Clementine Time By Anna George Meek   |  October 7, 2019
There is no time but the time in the kitchen. My father loses track of days, and I buy a "clock" whose only hand moves from Monday to Tuesday to Wednesday, as if distinguishing between the days were important.

Simplify, Simplify

Simplify, Simplify By Jan Priddy   |  September 30, 2019
This could be the morning I slide out the door instead of back under sheets and escape before I drink my coffee. My arms unburdened, no one calling me back, no shame or remorse to shadow my escape. Away.

Chosen for Something

Chosen for Something By Stacy Boe Miller   |  September 23, 2019
Sometimes as a child I would brush my grandfather's thinning hair. He was a long haul trucker turned Pentecostal preacher who mostly showed affection through prayer and cash money, both of which he handed out at random to his grandkids.

Footfalls

Footfalls By Andrea Marcusa   |  September 16, 2019
On the plane home, out the window, all I see is empty sky. As a girl, when talk of dying arose, I always gazed up to where I am now, drifting past the tops of snowy clouds.

Sneakers in Sand (repeat)

Sneakers in Sand (repeat) By Dina Relles   |  September 9, 2019
The baby's shoes were nowhere. That morning was spent in the chaotic swirl of cleaning and packing the vacation house

Ritual (repeat)

Ritual (repeat) By Kelly Morse   |  September 2, 2019
Most nights I nurse my four-month-old daughter to sleep. The internet connection is terrible in our bedroom, the light thrown by the little green glass lamp not enough to read by, so I end up sitting in the semi-dark, looking across the bed to the window, or down upon the face of my baby in her steady, drowsy pleasure.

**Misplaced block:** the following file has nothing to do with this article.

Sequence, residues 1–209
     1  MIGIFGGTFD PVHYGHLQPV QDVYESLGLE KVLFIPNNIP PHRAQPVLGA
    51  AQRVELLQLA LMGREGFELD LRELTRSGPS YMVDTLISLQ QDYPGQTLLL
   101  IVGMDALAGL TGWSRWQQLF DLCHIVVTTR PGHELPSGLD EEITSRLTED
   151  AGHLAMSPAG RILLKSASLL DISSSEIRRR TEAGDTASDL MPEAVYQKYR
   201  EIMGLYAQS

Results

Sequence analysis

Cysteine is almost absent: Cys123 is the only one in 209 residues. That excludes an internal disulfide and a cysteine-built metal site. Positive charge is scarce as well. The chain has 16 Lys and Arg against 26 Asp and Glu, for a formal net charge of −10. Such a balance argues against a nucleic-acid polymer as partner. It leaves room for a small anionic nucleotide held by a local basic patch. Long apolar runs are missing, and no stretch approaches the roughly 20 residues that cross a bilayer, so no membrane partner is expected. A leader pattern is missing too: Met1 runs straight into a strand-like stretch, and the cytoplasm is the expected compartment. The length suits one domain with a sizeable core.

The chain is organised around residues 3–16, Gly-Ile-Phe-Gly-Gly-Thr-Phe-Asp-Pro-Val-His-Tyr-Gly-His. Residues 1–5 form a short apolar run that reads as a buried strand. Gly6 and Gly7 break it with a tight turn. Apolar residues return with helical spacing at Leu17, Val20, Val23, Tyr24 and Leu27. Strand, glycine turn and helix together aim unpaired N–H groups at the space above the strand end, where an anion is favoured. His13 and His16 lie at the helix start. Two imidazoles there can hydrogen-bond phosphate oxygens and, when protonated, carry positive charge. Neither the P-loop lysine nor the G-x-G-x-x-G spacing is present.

Mars and a Reflection of Mars (repeat)

Mars and a Reflection of Mars (repeat) By Carolee Bennett   |  August 26, 2019
"There are two red planets tonight," I say. And you reply, "What a brave universe." And I feel brave. Two 30-lb packs hang near the tent we pitched just before it got dark enough to need headlamps. It’s Night One of this backpacking trip.

The End of the Movie (repeat)

The End of the Movie (repeat) By Christopher Bundy   |  August 19, 2019
Today: summer afternoon on the front porch as thunderheads grow over the top of a giant oak. In the yard you perform perfect cartwheels, your legs long and straight in the air.

Bare, Naked (repeat)

Bare, Naked (repeat) By Andrea Fisk Rotterman   |  August 12, 2019
Rain falls, dimpling puddles. I kick off my clogs. My toenails shine like sparkling pumpkin peel. I slide my underwear and jeans down my legs, unsnap my bra, pull my sweatshirt over my head, lay my folded clothes on my shoes.

The Teacups (repeat)

The Teacups (repeat) By Pamela Rothbard   |  August 5, 2019
At the boardwalk, everything is past its prime: sweating hot dogs, mashed bags of cotton candy, melting ice cream. The workers move by rote--lifting and lowering the gate, pulling up on harnesses, scanning tickets. I slump in line.